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In certain parts of the country a lot of the crime taking place is related to gangs. This is especially true of London, but also other cities – Manchester, Birmingham, Sheffield, Leeds, Liverpool, Wolverhampton. Gangs are a significant cause of  “anti social behaviour” – noise, vandalism, graffiti, general yobbery. However, they are also a major source of more serious crime.

The Home Secretary Theresa May said of an analysis after the 2011 riots:

In London, one in five of those arrested in connection with the riots were known gang members. We also know that gang members carry out half of all shootings in the capital and 22% of all serious violence. And even these shocking statistics may underestimate the true total. Similar figures for the riots were recorded by West Yorkshire Police, while Nottinghamshire had only a slightly lower proportion.

She decided to do something about it. In doing so she has worked with Iain Duncan Smith, the Work and Pensions Secretary – as finding jobs for young people who have taken a wrong turn is obviously relevant to the challenge. A programme was established called Ending Gang and Youth Violence, with a brief to stop young people joining criminal gangs and to ensure those who were already members left.

Penalties were toughened allowing the police to intervene earlier. Crime mapping has identified where the gangs are. There was also £4 million in small grants to 200 community projects. Over the past year several of the new Police and Crime Commissioners have got involved – not least in the pursuit of “joined up government” where the police, local councils, job centres and the NHS work together. The jargon of “partnership working” and “information sharing” is familiar – the reality often less so.

At this point the cynics shrug and double lock their doors.

Yet the good news is that an analysis published today suggests that substantial progress has been made. It offers plenty of comments from those working in their communities that the EGYV programme has been effective – as well as ideas to improve it.

There are also some figures for youth crime in the areas where the programme has been applied. Inflicting GBH without intent, by 10-19 year-olds, reduced in areas of London covered by the programme from 518 in 2011/12 to 387 in 2012/13. That is a a fall of 25 per cent, massive for just one year. In non-London areas covered by the programme it was even sharper – a fall in the same period from 885 to 592, which is 33 per cent.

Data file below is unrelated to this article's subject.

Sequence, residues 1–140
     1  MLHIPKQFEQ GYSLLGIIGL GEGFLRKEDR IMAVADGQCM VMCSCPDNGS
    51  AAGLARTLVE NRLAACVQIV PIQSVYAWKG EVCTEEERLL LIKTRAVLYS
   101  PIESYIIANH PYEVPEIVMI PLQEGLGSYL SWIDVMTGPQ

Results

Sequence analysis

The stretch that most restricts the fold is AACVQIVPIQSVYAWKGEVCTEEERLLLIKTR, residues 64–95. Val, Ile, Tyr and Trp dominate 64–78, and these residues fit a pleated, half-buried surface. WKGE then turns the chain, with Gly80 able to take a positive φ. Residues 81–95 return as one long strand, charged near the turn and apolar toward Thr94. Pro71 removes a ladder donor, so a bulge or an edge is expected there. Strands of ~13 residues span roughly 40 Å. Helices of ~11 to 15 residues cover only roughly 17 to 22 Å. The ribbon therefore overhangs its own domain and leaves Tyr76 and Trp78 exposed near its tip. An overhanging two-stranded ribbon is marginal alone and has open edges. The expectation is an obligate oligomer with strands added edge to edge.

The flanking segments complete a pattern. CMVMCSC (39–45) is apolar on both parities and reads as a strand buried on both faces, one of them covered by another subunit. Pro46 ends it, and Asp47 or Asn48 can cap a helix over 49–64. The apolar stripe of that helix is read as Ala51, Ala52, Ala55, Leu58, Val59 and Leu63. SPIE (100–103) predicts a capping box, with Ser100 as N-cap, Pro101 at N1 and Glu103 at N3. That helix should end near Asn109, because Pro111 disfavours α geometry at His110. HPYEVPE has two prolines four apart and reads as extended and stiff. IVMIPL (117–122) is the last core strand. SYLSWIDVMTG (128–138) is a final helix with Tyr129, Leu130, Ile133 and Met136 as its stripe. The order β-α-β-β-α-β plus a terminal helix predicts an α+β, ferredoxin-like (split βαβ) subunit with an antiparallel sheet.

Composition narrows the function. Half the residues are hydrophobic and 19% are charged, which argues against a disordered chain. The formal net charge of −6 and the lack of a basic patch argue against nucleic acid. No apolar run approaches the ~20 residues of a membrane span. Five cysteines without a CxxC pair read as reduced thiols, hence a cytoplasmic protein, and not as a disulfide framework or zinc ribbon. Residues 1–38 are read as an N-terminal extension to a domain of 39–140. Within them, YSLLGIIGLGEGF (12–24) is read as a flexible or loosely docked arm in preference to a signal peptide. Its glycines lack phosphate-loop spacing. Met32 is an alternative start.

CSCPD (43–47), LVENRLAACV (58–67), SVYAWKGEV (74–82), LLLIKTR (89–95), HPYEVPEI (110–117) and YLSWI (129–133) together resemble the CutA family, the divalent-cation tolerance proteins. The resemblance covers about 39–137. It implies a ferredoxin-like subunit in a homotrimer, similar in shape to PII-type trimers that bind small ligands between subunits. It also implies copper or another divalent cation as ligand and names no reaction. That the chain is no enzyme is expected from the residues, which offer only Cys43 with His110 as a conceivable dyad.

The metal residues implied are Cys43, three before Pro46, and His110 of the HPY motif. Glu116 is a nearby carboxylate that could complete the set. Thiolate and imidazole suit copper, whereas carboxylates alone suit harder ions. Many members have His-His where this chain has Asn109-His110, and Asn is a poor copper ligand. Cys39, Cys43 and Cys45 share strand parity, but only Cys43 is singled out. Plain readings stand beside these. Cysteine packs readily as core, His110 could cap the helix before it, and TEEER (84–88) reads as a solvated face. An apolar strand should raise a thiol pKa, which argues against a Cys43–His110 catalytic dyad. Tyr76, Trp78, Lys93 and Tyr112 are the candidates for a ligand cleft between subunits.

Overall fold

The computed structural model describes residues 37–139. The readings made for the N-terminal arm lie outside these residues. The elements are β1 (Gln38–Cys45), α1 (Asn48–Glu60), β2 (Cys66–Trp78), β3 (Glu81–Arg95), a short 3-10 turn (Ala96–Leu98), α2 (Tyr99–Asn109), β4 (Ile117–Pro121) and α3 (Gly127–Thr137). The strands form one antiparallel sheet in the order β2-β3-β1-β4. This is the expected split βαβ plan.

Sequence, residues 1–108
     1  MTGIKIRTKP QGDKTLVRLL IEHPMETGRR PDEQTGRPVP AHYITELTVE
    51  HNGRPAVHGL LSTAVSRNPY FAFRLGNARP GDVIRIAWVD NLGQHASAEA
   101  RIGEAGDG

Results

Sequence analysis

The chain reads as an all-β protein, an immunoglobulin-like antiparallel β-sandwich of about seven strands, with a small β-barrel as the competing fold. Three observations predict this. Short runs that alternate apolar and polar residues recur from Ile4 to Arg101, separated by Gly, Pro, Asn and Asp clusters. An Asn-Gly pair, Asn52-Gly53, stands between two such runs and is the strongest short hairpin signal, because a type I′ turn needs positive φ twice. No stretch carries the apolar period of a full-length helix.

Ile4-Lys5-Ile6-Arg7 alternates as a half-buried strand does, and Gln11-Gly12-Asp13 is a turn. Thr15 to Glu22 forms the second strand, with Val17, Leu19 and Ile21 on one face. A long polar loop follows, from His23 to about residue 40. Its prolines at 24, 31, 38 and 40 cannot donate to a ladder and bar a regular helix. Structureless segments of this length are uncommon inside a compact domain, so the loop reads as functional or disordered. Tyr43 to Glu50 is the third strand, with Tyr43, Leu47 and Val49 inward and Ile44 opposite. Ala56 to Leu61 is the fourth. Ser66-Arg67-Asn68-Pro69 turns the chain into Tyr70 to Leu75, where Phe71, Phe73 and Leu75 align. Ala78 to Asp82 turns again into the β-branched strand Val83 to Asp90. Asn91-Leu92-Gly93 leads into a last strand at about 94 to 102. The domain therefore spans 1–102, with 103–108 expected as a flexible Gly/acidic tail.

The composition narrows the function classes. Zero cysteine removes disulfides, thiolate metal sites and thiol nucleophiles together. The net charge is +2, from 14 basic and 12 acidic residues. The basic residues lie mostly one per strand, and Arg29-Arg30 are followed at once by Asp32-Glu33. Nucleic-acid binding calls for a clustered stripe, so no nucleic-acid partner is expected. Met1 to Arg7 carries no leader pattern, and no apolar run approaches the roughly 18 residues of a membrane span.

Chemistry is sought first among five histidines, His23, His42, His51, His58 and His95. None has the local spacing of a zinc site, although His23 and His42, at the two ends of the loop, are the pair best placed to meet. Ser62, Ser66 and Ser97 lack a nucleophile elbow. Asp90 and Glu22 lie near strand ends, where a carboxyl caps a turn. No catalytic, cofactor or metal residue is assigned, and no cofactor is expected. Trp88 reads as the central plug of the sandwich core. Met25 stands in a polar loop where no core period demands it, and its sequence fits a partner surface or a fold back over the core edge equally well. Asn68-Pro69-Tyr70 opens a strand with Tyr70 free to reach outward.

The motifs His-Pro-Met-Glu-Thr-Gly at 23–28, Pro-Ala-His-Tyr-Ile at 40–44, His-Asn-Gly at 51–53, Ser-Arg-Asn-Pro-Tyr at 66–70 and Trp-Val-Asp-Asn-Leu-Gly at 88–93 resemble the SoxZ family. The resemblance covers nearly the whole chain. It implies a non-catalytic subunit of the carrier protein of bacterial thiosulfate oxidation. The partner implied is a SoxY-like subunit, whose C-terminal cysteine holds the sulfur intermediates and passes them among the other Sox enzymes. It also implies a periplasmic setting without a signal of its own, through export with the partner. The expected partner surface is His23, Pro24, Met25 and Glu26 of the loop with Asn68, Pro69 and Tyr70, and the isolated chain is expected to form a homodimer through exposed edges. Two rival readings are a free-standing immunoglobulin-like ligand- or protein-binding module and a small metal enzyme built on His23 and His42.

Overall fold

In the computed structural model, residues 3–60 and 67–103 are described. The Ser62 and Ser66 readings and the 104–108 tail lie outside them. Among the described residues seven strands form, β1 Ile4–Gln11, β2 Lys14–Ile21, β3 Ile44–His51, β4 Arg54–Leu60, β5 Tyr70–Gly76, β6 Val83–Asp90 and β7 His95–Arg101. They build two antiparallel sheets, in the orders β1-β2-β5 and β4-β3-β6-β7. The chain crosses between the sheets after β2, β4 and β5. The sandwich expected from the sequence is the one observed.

The report has plenty of caveats. The most important is that there has been a sharp fall in knife crime generally – of 15 per cent. Those convicted of rioting in 2011 tended to face stiff prison sentences: that has taken many criminals out of circulation even before any deterrent impact is considered. So a fall of crime could have been expected anyway.

On the other hand, it is early days and some of the benefit of the EGYV measures will not yet have been shown – in that respect the early findings may underestimate the success.

What of the politics of all this? The aims are not contentious, to a large extent the policies and measures are not either. However I don’t believe it is a matter of chance that the Conservatives are succeeding where Labour failed. Accountability and transparency are working. The state is applying greater toughness in upholding the law, which is its job. Then there is the Big Society aspect – voluntary organisations, including the churches, are being given a greater role in some of the wider social problems.

Also teenagers are finding greater obligation and reward to achieve high educational standards at school and to seek a job when they leave school.

This is about delivery – something lacking during the Labour years of sofa government, spin, targets and gimmicks.

 

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